Henrietta Deuell [pseud. Peggy Hull], the first accredited woman war correspondent and a founding member of the Overseas Press Club (1939), daughter of Edwy and Minnie Eliza (Finn) Goodnough, was born on a farm near Bennington, Kansas, on December 30, 1889. She left school at sixteen, got her first newspaper job on the Junction City, Kansas, Sentinel, and between 1909 and 1916 worked for newspapers in Colorado, California, Hawaii, Minnesota, and Ohio. After Francisco (Pancho) Villa's forces made their notorious raid on Columbus, New Mexico (March 9, 1916), Peggy went to El Paso to report on the activities of national guard units sent to patrol the Texas-Mexico border while Brig. Gen. John J. Pershing and his troops pursued Villa in Mexico. She took up residence in the Paso del Norte Hotel, a hub of social activity for military personnel. Starting on the El Paso Herald and then moving to the El Paso Morning Times, she wrote a regular advertising column and reported on activities at Fort Bliss and Camp Pershing. A ubiquitous presence, she became popular with both the officers and enlisted men, and her work brought her to Pershing's attention. Her account in the Morning Times of Pershing's return with his troops is thought to be one of the most descriptive and accurate of the newspaper reports of the event.
In June 1917 Peggy persuaded the editor of the Morning Times to send her to France to report on World War I. She sailed for England, survived the submarine-infested Atlantic Ocean, and made her way to Paris— not an easy feat since she was without benefit of War Department accreditation, which conferred a certain governmental blessing on and aid to war reporters. But no woman had ever been accredited, and it was War Department policy that none ever would be.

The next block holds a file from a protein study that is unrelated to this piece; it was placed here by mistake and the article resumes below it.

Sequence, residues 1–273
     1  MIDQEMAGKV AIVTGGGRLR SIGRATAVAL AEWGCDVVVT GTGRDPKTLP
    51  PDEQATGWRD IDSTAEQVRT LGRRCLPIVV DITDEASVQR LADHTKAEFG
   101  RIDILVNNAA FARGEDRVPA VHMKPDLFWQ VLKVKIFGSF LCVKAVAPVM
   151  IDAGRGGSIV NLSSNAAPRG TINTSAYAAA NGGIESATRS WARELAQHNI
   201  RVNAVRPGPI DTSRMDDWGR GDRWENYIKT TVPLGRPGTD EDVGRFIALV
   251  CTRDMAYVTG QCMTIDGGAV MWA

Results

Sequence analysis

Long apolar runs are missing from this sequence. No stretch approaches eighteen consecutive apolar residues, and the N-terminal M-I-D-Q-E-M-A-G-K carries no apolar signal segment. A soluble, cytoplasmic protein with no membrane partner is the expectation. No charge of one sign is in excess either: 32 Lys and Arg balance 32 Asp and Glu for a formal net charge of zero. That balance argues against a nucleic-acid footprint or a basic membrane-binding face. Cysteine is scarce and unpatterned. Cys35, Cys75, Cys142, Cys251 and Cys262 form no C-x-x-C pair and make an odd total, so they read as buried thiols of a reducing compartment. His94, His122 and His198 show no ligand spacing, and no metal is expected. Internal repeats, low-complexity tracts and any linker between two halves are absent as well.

However, her acquaintance with Pershing was useful to her; he made it possible for her to spend six weeks at an American artillery-training camp from where she sent reports to the El Paso Morning Times and the army edition of the Chicago Tribune. Other newspapers began to publish her articles as her popularity grew. Eventually, jealous male correspondents succeeded in getting her recalled to Paris, and, temporarily embittered, she sailed back to the United States. After returning to El Paso to a hero's welcome, Peggy resumed her job at the Morning Times. In the summer of 1918 she went to Washington, D.C., where, with the help of Gen. Peyton C. March, chief of staff of the army, whom she knew from both her El Paso and artillery-camp days, she finally got accreditation. She was authorized to join the American expeditionary force sent to Russia during the Siberian Intervention and was sponsored by the Newspaper Enterprise Association and the Cleveland (Ohio) Press.
After leaving Siberia and being divorced by her first husband, reporter George Hull, whom she had married in 1910, she worked on newspapers in Shanghai and in 1922 married English ship captain John Kinley. As a result of this marriage, she lost her United States citizenship. Her struggle to regain it played a part in changing United States law regarding the citizenship of married women. She was in Shanghai in January 1932 in the process of divorcing Kinley, when the Japanese attacked the city; ignoring personal danger, she reported on the carnage for the New York Daily News. In 1933 she married Daily News editor Harvey Deuell. He died of a heart attack in 1939. During World War II Peggy was accredited once more, this time to the Pacific Theater of Operations. She reported first from Hawaii, then from Guam, Tarawa, Saipan, and other "pacified" islands until August 1945 for the North American Newspaper Alliance and the Cleveland Plain Dealer. For her service she was awarded a Navy Commendation.
In 1953 she moved to California, where she spent the last twelve years of her life in Carmel Valley. She was a long-time believer in astrology as well as the granddaughter of an Episcopalian missionary. She became Catholic 2½ years before her death. Peggy Hull's special contribution as a war correspondent was in her "little stories of war," which dealt with the ordinary soldier's hopes, fears, and day-to-day life. A GI wrote her in 1944, "You will never realize what those yarns of yours . . . did to this gang. . . . You made them know they weren't forgotten." She died of breast cancer on June 19, 1967.